Asia: Three Divergent Visions, Increasing Tension

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Asia: Three Divergent Visions, Increasing Tension
By: John Schaus
@csis_isp

The August 10 meeting of foreign ministers from 27 countries in the Asia-Pacific region at the ASEAN Regional Forum (ARF)—the gathering’s 20th anniversary—proved the latest opportunity for observers from every point on the globe to witness nations’ potentially divergent visions for the Asia Pacific.

One vision is articulated in the ASEAN Treaty of Amity and Cooperation, in which the 27 adhering nations commit to an open, inclusive, peaceful region with interactions based on the rule of law. A second vision was presented by President Obama in Australia in 2011. It is consistent with the ASEAN focus on rule of law but equally emphasizes the important role that the United States is playing, and will continue to play, throughout the Asia Pacific.

Both ASEAN and the United States have largely matched words with action, seeking to bolster regional cooperation, strengthen clear norms and laws, and enhance the capacity of regional institutions to address current and emerging issues in the region.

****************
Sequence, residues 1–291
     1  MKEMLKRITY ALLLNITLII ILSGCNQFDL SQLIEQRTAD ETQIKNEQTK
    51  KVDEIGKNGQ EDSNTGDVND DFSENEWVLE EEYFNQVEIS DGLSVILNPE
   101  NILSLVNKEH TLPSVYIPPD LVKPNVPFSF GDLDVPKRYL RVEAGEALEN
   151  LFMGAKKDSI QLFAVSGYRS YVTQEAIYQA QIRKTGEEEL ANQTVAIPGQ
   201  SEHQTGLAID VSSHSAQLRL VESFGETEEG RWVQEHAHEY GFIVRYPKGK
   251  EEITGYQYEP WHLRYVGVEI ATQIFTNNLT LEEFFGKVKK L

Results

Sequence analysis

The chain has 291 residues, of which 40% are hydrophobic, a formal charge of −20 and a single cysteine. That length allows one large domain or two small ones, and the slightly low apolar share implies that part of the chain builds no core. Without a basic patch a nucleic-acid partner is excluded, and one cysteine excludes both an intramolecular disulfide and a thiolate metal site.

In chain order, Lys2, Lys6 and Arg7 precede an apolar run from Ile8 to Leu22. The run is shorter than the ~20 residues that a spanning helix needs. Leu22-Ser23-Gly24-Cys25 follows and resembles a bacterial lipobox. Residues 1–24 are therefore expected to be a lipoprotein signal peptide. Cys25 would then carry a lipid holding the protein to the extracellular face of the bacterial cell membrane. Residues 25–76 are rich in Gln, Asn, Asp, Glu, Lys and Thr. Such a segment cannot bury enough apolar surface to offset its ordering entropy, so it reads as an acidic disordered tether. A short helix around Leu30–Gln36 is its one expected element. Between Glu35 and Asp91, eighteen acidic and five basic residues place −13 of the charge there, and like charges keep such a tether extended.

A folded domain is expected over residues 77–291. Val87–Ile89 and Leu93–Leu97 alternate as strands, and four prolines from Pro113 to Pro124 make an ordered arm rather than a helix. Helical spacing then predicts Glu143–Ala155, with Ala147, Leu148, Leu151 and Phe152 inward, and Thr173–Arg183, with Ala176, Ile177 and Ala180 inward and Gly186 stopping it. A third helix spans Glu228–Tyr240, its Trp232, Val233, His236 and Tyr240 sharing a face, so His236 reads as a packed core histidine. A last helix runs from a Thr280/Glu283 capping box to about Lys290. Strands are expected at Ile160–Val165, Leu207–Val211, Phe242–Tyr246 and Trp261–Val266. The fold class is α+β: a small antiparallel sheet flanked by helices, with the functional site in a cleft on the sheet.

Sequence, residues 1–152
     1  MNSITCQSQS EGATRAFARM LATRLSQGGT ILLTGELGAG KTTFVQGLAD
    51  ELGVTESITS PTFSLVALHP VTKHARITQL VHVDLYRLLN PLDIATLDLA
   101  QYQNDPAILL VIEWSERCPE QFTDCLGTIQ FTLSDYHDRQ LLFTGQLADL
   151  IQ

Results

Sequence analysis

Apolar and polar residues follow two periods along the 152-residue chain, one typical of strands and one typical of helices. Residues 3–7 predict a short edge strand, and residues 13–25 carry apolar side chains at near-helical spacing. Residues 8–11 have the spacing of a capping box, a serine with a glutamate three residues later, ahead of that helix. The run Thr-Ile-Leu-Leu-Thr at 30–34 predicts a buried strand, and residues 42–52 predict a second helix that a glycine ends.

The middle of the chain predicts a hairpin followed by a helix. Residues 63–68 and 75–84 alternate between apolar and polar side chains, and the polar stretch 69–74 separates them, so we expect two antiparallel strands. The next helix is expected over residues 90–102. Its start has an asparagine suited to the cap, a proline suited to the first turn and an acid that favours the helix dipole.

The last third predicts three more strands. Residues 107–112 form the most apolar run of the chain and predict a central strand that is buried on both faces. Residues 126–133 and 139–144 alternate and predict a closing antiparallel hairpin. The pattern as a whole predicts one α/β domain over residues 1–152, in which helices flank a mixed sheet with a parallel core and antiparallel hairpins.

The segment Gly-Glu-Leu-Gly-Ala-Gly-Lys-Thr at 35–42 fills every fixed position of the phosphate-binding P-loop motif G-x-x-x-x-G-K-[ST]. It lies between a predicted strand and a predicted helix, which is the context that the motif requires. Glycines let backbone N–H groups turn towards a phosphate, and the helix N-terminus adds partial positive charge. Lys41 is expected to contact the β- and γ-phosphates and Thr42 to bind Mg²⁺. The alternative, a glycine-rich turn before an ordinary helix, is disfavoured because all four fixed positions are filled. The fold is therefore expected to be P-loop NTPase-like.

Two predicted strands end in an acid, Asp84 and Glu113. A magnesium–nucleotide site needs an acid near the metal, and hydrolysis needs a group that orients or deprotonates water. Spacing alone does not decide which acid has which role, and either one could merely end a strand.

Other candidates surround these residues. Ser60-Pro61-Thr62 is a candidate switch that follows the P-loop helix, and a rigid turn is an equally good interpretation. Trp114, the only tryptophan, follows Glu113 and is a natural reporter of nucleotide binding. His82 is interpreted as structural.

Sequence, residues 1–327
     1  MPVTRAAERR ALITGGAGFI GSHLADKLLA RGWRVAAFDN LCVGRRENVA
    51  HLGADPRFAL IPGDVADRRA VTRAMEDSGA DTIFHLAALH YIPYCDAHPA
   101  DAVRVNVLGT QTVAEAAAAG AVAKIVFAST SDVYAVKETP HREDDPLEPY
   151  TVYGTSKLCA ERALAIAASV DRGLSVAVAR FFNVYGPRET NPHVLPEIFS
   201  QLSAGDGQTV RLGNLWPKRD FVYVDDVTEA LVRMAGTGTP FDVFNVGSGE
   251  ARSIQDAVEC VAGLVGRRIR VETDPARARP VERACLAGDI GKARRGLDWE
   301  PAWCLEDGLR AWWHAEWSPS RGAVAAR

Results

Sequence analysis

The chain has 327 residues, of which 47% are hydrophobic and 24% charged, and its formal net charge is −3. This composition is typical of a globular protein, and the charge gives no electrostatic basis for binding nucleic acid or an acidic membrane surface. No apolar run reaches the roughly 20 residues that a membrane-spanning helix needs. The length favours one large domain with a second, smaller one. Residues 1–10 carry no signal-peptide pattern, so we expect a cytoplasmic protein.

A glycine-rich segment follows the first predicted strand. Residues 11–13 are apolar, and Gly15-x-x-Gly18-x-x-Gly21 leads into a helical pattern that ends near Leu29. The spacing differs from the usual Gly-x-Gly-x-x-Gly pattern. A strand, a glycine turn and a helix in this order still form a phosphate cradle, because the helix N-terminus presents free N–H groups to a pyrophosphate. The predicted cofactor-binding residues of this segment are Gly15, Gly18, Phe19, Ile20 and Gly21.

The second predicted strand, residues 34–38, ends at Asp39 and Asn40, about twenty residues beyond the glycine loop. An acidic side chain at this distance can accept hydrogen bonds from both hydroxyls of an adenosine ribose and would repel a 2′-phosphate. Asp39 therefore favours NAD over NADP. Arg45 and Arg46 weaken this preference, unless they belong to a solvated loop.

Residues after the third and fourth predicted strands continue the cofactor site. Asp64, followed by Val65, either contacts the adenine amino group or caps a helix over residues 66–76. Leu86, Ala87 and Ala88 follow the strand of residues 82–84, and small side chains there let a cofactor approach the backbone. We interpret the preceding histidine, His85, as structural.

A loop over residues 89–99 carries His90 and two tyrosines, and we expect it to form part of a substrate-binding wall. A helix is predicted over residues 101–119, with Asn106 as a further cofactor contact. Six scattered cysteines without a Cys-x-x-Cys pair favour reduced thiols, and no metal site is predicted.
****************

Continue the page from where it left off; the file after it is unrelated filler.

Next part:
A third vision for the region has been put forward by China. It is less clearly explained than ASEAN’s or Obama’s, leaving room for confusion when words do not align with action. President Xi Jinping of China, in a speech this spring, alluded to the need for an open and inclusive architecture in Asia, but followed almost immediately with a list of issues defined unilaterally and inflexibly in zero-sum formulations. The most recent meeting of the ARF highlighted a new twist on this phenomenon. At the meeting, China’s foreign minister reportedly rejected a proposal by the United States to cease provocative activities, implying that such a proposal is suspicious and that it would place in jeopardy China’s willingness to negotiate with ASEAN on a Code of Conduct in the South China Sea. The catch is that China’s 12-year intransigence on a Code of Conduct is what has left countries seeking another mechanism to create clear rules and to reduce tension.

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John Schaus is a fellow in the International Security Program at the Center for Strategic and International Studies, where he focuses on defense industry and Asia security challenges. Other posts by .

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